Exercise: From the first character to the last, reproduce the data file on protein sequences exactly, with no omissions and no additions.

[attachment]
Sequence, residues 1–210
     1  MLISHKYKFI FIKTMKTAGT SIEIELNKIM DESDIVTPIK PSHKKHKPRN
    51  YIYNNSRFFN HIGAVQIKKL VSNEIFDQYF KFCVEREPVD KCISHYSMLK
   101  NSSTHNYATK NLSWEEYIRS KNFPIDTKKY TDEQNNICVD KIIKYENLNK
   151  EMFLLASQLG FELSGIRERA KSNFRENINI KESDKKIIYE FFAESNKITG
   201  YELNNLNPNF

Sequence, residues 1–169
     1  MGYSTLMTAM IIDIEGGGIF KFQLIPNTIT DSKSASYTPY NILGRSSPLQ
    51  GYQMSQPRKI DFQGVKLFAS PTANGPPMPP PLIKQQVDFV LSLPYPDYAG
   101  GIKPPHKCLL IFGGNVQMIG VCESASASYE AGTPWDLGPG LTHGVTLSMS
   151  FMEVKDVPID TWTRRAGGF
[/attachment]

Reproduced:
Sequence, residues 1–210
     1  MLISHKYKFI FIKTMKTAGT SIEIELNKIM DESDIVTPIK PSHKKHKPRN
    51  YIYNNSRFFN HIGAVQIKKL VSNEIFDQYF KFCVEREPVD KCISHYSMLK
   101  NSSTHNYATK NLSWEEYIRS KNFPIDTKKY TDEQNNICVD KIIKYENLNK
   151  EMFLLASQLG FELSGIRERA KSNFRENINI KESDKKIIYE FFAESNKITG
   201  YELNNLNPNF

Sequence, residues 1–169
     1  MGYSTLMTAM IIDIEGGGIF KFQLIPNTIT DSKSASYTPY NILGRSSPLQ
    51  GYQMSQPRKI DFQGVKLFAS PTANGPPMPP PLIKQQVDFV LSLPYPDYAG
   101  GIKPPHKCLL IFGGNVQMIG VCESASASYE AGTPWDLGPG LTHGVTLSMS
   151  FMEVKDVPID TWTRRAGGF